I’m stuck in something of a conundrum. I’ve realised that writing about Italy – Tuscany in particular – leads otherwise capable writers into committing themselves to the most self-satisfied, plummy language. There are other places in the world in which this becomes equally tempting: India occasionally, rural England, Burgundy, Provence, New England, the Pacific Northwest, one’s own garden, etc. But Italy is particularly bad. It is difficult, when writing about Italy, to avoid harping on upon the vivaciousness of the Italian tomato, or the quirkiness of the stray Italian who happens upon your path. This is problematic. It may be a pleasure for the writer to descant on la dolce vita, but the reader suspects there is degree of the writer’s self-romancing, suspects she has read it before somewhere (or everywhere) else. Such writing does no favours to anyone. It comes to no realisation. It smacks of privilege (and a lack of the imagination). It is best kept for the self to feed over. It is…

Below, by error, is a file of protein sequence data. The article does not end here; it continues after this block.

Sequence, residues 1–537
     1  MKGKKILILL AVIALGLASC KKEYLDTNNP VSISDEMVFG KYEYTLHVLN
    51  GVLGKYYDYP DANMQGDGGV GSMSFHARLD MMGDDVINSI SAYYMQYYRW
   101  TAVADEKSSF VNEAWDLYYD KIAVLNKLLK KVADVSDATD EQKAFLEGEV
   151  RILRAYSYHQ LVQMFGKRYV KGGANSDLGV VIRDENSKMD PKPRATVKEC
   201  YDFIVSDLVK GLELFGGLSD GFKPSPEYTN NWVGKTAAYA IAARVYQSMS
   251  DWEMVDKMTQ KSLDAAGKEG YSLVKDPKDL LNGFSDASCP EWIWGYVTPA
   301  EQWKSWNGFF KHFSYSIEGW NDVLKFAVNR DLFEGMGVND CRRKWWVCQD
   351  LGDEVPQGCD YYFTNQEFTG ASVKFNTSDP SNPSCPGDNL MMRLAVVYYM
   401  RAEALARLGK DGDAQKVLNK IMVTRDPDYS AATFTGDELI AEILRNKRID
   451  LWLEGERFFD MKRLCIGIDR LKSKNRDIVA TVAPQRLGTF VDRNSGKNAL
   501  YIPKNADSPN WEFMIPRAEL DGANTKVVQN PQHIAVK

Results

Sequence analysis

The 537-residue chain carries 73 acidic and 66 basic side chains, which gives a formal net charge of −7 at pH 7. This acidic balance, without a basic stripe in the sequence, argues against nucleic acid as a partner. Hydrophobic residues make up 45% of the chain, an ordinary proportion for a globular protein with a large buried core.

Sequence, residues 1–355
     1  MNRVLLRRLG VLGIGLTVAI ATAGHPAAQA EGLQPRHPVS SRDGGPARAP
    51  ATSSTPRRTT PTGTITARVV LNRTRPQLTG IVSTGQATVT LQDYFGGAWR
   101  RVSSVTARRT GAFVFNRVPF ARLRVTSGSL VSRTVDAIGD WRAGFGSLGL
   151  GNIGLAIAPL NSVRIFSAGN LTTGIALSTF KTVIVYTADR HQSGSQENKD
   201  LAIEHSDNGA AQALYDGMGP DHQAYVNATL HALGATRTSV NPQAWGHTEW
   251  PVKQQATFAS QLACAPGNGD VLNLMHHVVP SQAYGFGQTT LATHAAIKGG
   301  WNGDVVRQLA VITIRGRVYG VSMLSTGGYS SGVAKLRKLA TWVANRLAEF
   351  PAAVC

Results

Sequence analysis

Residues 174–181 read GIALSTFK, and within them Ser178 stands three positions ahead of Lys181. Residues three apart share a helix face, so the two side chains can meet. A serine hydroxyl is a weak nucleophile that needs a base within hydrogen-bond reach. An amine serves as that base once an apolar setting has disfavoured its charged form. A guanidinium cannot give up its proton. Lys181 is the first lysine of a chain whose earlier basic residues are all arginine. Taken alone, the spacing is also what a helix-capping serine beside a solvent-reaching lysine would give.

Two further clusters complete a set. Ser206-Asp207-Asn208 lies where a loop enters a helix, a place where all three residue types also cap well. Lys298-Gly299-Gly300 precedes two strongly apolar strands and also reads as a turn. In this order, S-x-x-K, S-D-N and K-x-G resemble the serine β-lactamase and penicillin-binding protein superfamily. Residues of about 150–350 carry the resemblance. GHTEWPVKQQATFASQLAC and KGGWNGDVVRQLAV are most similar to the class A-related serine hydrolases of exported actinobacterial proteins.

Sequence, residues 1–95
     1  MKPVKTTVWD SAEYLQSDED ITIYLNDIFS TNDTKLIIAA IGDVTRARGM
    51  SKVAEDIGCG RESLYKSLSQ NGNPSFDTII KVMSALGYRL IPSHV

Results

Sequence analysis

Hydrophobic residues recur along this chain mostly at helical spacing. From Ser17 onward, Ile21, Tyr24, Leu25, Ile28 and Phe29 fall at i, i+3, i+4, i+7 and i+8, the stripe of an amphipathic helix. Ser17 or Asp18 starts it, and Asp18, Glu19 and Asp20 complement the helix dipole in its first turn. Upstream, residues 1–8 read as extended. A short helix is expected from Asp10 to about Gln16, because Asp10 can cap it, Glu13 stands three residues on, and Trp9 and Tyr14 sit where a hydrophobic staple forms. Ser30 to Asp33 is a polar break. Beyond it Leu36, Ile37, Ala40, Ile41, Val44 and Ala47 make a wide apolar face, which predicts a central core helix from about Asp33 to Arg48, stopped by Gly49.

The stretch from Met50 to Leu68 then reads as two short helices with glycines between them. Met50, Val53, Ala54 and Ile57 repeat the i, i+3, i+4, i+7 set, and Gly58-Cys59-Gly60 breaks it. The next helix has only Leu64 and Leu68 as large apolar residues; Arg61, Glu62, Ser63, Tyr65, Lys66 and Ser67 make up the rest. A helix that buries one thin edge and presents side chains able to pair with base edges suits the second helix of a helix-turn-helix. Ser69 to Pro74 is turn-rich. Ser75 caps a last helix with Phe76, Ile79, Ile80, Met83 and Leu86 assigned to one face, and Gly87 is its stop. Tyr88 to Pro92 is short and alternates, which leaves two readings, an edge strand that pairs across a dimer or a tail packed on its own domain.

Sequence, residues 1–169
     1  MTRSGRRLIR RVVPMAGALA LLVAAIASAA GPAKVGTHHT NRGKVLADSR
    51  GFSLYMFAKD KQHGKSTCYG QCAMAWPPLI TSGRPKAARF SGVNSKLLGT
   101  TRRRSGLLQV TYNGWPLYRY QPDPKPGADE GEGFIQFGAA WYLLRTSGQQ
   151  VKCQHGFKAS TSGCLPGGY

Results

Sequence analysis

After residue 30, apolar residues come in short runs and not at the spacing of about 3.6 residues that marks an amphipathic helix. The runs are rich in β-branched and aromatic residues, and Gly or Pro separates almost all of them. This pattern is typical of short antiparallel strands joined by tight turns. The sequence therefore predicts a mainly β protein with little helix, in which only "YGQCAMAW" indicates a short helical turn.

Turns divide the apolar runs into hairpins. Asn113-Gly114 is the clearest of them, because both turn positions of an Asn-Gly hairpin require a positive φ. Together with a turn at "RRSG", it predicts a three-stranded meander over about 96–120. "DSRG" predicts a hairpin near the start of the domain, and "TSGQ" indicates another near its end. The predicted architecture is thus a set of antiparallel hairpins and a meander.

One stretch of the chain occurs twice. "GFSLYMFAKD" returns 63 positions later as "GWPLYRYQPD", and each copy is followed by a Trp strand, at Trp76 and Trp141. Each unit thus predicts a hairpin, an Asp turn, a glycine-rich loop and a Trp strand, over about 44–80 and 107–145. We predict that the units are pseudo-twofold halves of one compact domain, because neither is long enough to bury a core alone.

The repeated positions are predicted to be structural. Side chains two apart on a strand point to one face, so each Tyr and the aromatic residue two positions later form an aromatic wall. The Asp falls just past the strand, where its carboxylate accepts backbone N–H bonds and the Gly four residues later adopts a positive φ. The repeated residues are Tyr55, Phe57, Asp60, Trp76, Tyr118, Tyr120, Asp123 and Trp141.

The sun has risen in some kind of send-off, and the journey to Florence (or, rather, just outside Florence) is about to begin. I'm accompanied by Dante's Inferno and a dictionary, three of Nabokov's early novels, the diary of Cesar Pavese, and a book to review. A sketch-book, two notebooks, a diary, and my language books. One packs too much, but one always wants the luxury of choice. Wish us buon viaggio...

Domestic vices

I have just discovered that one of my tutors contributes marvellous posts on tea to a culture blog. As befitting Sally, a curator of a moveable salon of former pupils, artists, and literary junkies, these posts are evocative of a social past. And they further evoke generously articulate comments about readers’ own tea experiences.